Scottish judges rule Lockerbie documents will remain secret


Scotland’s most senior judges have upheld a secrecy order signed by the foreign secretary, Dominic Raab, to withhold intelligence documents believed to implicate a Palestinian terror group in the Lockerbie bombing.

The documents are thought to have been sent by King Hussein of Jordan to the UK government after Pan Am Flight 103 was blown up over the town of Lockerbie on December 1988, killing all 259 passengers and crew, and 11 townspeople.

The documents are believed to allege that a Jordanian intelligence agent within the Popular Front for the Liberation of Palestine-General Command (PFLP-GC), called Marwan Khreesat, made the bomb. Critics of Megrahi’s 2001 conviction believe the PFLP-GC carried out the attack on behalf of the Tehran regime in revenge for the destruction of an Iranian airliner by the US warship the USS Vincennes in July 1988, but this was covered up in order to implicate Libya.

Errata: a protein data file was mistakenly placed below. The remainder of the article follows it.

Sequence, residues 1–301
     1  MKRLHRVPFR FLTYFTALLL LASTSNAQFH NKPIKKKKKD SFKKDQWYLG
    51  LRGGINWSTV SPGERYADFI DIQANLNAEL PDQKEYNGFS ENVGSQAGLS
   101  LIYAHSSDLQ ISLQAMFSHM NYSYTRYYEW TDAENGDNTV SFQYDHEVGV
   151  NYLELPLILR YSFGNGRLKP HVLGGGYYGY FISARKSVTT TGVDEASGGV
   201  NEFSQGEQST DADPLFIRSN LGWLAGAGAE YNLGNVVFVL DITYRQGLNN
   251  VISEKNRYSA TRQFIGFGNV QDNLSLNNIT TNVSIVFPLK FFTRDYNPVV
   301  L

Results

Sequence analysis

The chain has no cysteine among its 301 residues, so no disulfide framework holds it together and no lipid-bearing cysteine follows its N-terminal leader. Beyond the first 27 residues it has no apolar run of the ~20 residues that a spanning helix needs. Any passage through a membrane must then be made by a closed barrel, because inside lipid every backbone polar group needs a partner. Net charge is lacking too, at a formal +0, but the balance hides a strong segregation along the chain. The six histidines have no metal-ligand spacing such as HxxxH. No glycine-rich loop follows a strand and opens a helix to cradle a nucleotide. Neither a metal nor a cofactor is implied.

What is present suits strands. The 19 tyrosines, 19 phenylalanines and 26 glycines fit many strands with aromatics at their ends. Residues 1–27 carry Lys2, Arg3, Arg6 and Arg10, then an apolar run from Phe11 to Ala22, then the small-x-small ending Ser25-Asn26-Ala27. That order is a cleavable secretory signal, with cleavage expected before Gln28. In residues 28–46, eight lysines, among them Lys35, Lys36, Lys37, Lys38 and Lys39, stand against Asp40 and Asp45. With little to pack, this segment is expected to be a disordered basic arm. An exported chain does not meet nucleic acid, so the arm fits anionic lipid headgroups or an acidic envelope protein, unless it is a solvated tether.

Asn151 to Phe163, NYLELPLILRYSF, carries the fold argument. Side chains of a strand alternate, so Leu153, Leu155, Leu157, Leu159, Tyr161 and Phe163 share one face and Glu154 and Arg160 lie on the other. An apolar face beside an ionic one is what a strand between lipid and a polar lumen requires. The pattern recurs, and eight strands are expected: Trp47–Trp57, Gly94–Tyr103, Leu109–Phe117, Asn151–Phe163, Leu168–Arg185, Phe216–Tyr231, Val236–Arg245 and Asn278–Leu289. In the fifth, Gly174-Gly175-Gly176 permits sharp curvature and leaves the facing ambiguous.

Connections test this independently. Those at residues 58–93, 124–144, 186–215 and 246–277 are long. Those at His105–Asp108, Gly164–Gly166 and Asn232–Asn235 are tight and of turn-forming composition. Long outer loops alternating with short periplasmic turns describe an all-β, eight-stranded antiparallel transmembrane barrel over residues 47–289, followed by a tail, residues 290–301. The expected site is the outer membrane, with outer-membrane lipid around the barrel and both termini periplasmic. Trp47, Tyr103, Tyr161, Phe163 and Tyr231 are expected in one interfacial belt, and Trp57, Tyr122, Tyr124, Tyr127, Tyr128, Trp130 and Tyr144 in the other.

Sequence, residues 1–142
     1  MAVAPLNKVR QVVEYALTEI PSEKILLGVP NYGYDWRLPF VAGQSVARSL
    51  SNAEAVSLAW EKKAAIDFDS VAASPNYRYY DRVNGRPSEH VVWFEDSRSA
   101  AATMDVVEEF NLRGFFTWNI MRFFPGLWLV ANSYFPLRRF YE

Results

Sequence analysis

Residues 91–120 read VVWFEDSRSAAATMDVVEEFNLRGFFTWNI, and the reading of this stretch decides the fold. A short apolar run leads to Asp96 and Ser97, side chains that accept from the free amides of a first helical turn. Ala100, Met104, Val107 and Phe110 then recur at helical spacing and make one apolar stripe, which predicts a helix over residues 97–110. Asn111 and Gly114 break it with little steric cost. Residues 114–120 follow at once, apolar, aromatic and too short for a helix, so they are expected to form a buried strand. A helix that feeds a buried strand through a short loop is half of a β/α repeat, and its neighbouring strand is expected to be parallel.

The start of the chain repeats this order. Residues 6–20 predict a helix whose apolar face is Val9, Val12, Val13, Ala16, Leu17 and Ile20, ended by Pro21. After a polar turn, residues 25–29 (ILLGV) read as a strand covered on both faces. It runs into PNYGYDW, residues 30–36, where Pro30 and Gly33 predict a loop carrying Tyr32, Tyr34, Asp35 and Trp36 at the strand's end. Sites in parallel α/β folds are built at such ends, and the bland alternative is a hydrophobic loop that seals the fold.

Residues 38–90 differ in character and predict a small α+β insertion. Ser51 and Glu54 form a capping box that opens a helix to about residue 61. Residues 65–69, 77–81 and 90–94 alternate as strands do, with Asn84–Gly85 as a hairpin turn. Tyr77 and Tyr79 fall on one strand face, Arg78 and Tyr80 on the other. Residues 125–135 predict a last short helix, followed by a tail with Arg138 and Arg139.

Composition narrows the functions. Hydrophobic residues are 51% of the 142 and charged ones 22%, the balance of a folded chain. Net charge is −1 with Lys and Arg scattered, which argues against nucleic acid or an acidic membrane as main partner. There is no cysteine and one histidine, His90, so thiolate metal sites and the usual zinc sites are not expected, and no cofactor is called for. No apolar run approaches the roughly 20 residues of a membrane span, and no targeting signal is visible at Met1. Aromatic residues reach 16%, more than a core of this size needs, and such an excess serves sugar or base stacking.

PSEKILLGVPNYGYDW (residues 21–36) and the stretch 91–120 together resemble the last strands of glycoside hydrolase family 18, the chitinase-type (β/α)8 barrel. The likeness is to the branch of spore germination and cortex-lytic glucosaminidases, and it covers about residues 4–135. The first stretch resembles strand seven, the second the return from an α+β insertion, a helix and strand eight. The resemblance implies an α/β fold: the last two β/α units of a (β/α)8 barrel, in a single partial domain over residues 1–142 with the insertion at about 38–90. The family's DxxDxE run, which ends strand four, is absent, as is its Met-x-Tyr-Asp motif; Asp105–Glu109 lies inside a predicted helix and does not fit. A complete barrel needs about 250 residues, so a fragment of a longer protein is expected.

The new appeal hearing was ordered after the Scottish Criminal Cases Review Commission decided Megrahi’s conviction was arguably a miscarriage of justice, because of significant discrepancies in the evidence of the Crown’s key witness, a Maltese shopkeeper called Tony Gauci, who alleged Megrahi had bought clothes put in the suitcase bomb.

The SCCRC also said the Crown had failed to disclose Gauci and his brother were offered reward payments totalling $3m for testifying. Given that evidence, no reasonable jury would have convicted Megrahi, and his rights to a fair trial under article 6 of the European Convention on Human Rights had been breached.

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